President Kennedy - Cooler heads prevailed.

The President Holds A News Conference – March 6, 1963

President Kennedy – Cooler heads prevailed.

President Kennedy – Press Conference #51 – March 6, 1963 – Gordon Skene Sound Collection –

On this day in 1963, President Kennedy held his 51st news conference, covering a wide area of topics, including a Youth Employment program and pending legislation on Mental Illness, which was becoming a much larger concern than previously thought. Also, the subject of Latin America, and in particular the situation between the U.S. and Cuba:

QUESTION: Mr. President, Ambassador, or former Ambassador Guillermo Belt, the Ambassador from Cuba to the United States in the old days, said in a lecture at Georgetown Visitation Convent last Sunday that Castro would not be able to survive two weeks if he was denied Soviet oil. I wonder if there isn’t something that you can do about this, or maybe bring greater pressure on some of our allies who are shipping Soviet oil in their ships to Cuba?

THE PRESIDENT: Yes, but those are not our figures. There isn’t any doubt that over a long period of time that denial of oil would make a difference. To deny the oil would require, of course, a blockade, and a blockade is an act of war, and you should be prepared to go for it. I think we indicated last October that in periods when we considered the United States was in danger, we were prepared to go as far as was needed to remove that danger, and we would, of course, be willing always to do so again, if we felt there was a situation which carried with it that kind of danger to the United States.

But you should not be under any impression that a blockade is not an act of war, because when a ship refuses to stop, and then you sink the ship, there is usually a military response by the country involved. We are attempting to persuade NATO and other countries not to ship into Cuba, but the primary source of shipments into Cuba are bloc ships, and at this time we do not believe that war in the Caribbean is to the national advantage.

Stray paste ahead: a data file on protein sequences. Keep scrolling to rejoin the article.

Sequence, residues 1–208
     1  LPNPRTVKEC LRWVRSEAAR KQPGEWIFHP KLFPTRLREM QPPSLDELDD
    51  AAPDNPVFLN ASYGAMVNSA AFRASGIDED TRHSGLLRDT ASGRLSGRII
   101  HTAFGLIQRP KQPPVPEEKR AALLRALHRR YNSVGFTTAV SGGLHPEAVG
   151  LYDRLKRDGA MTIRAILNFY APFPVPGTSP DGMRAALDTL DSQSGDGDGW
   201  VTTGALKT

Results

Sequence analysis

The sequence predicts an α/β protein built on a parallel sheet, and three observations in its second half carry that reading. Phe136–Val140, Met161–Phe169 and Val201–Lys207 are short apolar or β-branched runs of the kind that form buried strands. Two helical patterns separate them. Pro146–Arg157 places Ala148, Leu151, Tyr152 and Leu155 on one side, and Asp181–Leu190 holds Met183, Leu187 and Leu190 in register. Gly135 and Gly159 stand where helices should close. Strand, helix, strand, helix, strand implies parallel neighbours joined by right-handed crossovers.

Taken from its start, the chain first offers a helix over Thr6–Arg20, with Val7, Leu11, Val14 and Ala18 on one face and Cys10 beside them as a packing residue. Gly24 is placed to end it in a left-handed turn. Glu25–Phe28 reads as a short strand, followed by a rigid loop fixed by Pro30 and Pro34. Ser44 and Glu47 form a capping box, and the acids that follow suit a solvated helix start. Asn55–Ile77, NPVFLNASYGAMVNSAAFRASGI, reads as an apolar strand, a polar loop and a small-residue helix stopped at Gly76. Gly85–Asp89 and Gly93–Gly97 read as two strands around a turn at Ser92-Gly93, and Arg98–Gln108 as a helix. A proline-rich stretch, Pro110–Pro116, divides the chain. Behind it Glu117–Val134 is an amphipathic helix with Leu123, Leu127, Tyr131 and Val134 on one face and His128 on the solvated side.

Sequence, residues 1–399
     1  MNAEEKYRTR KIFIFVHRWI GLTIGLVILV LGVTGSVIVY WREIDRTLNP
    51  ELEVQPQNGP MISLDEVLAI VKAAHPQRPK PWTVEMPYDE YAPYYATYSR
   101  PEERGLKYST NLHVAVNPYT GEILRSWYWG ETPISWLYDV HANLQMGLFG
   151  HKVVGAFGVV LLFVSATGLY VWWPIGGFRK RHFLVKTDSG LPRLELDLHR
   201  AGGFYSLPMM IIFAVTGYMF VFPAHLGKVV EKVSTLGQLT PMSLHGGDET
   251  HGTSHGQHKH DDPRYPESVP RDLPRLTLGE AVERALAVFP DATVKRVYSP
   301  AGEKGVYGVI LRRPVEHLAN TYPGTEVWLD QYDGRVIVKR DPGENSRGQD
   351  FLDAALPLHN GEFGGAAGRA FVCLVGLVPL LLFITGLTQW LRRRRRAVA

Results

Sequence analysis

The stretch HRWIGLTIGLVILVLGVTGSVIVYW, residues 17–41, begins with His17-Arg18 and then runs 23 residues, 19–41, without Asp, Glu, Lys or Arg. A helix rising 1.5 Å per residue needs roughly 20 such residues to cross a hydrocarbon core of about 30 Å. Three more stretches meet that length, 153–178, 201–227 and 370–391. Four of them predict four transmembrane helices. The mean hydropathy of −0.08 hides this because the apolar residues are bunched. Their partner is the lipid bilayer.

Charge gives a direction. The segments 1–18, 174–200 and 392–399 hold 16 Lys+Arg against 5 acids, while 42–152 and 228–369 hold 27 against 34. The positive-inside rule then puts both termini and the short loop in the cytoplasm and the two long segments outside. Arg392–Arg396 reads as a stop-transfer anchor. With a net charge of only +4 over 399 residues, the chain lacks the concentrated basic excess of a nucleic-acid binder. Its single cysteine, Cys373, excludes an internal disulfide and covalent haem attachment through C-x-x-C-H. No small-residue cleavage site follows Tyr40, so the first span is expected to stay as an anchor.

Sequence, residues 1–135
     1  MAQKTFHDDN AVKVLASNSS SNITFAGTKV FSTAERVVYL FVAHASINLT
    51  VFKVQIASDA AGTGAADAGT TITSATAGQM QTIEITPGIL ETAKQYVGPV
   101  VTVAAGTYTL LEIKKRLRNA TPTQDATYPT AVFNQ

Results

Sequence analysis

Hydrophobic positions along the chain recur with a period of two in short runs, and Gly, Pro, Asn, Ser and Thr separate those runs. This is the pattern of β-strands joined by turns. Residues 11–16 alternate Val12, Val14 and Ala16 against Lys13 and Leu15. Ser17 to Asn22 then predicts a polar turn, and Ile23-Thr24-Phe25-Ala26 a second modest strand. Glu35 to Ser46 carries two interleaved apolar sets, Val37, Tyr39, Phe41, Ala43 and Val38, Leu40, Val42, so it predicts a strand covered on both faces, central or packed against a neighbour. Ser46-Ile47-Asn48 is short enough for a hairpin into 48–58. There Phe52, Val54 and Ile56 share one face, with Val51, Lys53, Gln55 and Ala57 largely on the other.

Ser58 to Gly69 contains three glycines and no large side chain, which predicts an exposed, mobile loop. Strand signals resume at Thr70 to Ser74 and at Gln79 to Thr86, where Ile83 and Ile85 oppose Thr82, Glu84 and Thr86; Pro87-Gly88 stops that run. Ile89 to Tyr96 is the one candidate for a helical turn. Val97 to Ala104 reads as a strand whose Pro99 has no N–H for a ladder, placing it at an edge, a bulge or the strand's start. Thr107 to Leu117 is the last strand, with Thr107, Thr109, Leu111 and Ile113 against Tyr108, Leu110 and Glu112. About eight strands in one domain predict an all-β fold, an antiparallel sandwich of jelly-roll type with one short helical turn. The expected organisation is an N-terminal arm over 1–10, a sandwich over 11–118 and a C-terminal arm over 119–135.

QUESTION: Mr. President, it is ten years now, sir, since the death of Stalin, and it is a fact ironically noted much more in the western world than the Communist world. Could you give us your appraisal, sir, of the significance of the changes in the Soviet Union in terms of the future of the East-West relations in this period of time?

THE PRESIDENT: No, I think that it would take at least a half hour program on a national network, and I couldn’t comment on that.

QUESTION: Mr. President, yesterday UN Secretary General U Thant received a letter from the Cuban Foreign Minister in which Roa hinted that the Cubans might like to discuss the resumption of friendly relations with us. I wonder if you think that this might be possible, and if so, what conditions would have to be met first?

THE PRESIDENT: I understand the note had some reference to it from Havana but the note actually delivered at the UN did not have any such reference. We have had no indication that there is a desire to resume friendly relations to us. We have said on many occasions that we regard the present Soviet presence in Cuba as unacceptable to us and we regard the communization of Cuba and the attempt to subvert the hemisphere as matters which are not negotiable. I don’t see any evidence that there is in prospect a normalization of relations between Cuba and the United States.

Even some five months after the dramatic showdown during what became known as The Cuban Missile Crisis, Cuba was still at the center of Cold War tensions between the U.S. and the Soviet Union.

Here is that News Conference with President Kennedy, as it was broadcast on March 6, 1963.

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